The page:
It’s hard to believe chef Rob Connoley when he says he doesn’t like beets.
Consider his “Rolled Roasted Roots” dish. He uses the core of a red beet like the veal shank in ossobuco, then slices the remainder of that beet — plus a golden one — into thin strips, which he wraps around the core. He serves it atop a chickpea cake and finishes it with bechamel sauce.
Still, he insists: “I could care less about beets.”
So why does Connoley, a James Beard Award nominee famous for using foraged ingredients, bother to gussy up these earthy roots?
His husband, Tyler, loves them.
Connoley first made the dish years ago at the Curious Kumquat, the destination restaurant he used to run in Silver City, New Mexico. It quickly became one of Tyler’s favorites. And what began as a labor of love now promises to fit perfectly into the sort of cuisine Connoley plans to serve at his upcoming restaurant, Bulrush.
“I don’t like wimpy, light vegetarian dishes,” says Connoley, a Bridgeton native who moved back to the area last year. “I was in a ranch and mining town before, so I had to make sure that the food would satisfy people.”
He found that even when he put beets in a chilled salad, they punched above their weight: “Your body reacts to them like meat.”
The Connoleys first crossed paths seventeen years ago in Indianapolis, where Tyler, a United Church of Christ pastor, was in a seminary program. Rob Connoley lived there too. When they met, he had just returned from a mountain-climbing trip in Peru and “wasn’t looking for a relationship” because he was again planning to leave the country.
Tyler persuaded him to stay, and they had a religious marriage ceremony within the next year. (The two are now legally married.) In 2004, they moved to New Mexico because Connoley took a job to start a nonprofit aimed at providing uninsured people with access to healthcare. A few years later, he decided to switch career tracks and become a chef. He opened the Curious Kumquat in 2008 — but it presented a domestic problem.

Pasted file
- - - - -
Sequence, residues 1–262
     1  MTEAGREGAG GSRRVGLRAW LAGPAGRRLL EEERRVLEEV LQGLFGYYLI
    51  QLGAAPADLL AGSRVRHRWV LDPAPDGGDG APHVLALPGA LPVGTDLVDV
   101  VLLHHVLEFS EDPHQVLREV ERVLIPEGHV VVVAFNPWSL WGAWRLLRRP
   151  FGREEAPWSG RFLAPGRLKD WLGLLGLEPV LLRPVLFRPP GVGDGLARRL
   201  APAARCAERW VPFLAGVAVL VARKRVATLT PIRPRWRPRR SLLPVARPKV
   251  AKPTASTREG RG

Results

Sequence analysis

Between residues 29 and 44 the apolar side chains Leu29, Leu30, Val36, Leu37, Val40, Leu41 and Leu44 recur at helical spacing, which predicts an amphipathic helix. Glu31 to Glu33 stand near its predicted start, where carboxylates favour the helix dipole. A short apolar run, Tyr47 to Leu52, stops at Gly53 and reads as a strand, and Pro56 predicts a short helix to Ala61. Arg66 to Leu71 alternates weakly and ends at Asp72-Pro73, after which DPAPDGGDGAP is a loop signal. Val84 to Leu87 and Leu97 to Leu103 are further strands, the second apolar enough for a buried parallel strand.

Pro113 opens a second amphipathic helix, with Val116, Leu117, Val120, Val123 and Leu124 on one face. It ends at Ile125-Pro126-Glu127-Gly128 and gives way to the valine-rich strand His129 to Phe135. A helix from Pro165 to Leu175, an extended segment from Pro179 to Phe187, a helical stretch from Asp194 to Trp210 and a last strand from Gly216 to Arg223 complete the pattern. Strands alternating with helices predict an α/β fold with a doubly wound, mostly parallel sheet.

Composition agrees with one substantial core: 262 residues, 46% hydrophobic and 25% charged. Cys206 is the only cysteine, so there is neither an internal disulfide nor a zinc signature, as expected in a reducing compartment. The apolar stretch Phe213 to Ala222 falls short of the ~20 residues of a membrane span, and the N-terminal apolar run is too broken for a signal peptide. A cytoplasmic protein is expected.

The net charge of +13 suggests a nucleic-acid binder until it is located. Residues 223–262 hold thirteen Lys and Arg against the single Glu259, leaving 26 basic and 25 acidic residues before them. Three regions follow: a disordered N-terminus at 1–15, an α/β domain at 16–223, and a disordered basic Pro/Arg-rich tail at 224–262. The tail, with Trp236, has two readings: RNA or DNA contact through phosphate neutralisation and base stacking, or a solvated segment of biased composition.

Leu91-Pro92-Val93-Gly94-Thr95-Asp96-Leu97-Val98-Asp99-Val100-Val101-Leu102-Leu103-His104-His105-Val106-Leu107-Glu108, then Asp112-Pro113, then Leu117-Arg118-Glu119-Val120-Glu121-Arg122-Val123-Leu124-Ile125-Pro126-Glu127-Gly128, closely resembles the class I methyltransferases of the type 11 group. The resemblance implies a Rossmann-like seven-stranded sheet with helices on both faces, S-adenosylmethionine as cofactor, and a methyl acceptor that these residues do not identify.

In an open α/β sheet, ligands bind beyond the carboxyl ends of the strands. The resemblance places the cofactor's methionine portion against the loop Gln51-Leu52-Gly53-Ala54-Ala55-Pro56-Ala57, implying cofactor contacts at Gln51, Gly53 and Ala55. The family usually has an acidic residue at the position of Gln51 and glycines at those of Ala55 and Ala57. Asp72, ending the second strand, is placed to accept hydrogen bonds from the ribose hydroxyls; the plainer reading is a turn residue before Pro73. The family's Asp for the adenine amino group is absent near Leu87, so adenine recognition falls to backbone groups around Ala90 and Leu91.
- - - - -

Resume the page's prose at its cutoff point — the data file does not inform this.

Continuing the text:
“We found out that instead of us having dinner together at home every night, I would be at work until nine or ten, which meant he was at home having dinner by himself,” says Connoley, who is 49. So Tyler started coming into the restaurant for his evening meal.
Connoley knew his tastes.
“I have just always loved beets,” says Tyler, 47. “There’s something about the earthiness and the sweetness.”
The first time Connoley made the dish and sent it out to his husband, he heard a loud “squeal or chirp” from the dining room.
“Half of me was happy that I got the right dish for him,” recalls the chef. “The other half was thinking, ‘You need to be quiet; there are customers out there.’”
Tyler, whose job now involves helping immigrants get housing, clothes or legal services, says of the dish, “It’s just amazing to look at; it’s just so beautiful. And it was exciting that it was a whole dish of beets.”
Tyler often serves as the primary taste-tester for the dishes Connoley is developing. At Bulrush, which is expected to open early next year, Connoley plans to base the menu around ingredients that he has foraged.
As the author of Acorns & Cattails: a Modern Foraging Cookbook of Forest, Farm & Field, Connoley has been doing pop-up restaurants and charity events around St. Louis since his return. He spends a couple hours each morning hiking on public and private land outside the city, searching for blueberries, wild mushrooms and sumac. When he comes back, he says, “my legs are completely cut up and scratched and bloody.”
As for the “Rolled Roasted Roots,” he says he would be surprised if they don’t show up at Bulrush, if perhaps in a slightly different format. “You know I can’t serve my old stuff!” he points out.
Not that Tyler would complain.
Eric Berger is a journalist in St. Louis who writes for St. Louis Magazine, the Riverfront Times and the St. Louis Jewish Light. You can reach him at [email protected]